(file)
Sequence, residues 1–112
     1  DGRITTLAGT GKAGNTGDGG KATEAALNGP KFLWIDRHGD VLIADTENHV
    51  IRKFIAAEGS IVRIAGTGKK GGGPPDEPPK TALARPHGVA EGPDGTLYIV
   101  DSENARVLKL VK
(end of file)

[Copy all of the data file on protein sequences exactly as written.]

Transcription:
Sequence, residues 1–112
     1  DGRITTLAGT GKAGNTGDGG KATEAALNGP KFLWIDRHGD VLIADTENHV
    51  IRKFIAAEGS IVRIAGTGKK GGGPPDEPPK TALARPHGVA EGPDGTLYIV
   101  DSENARVLKL VK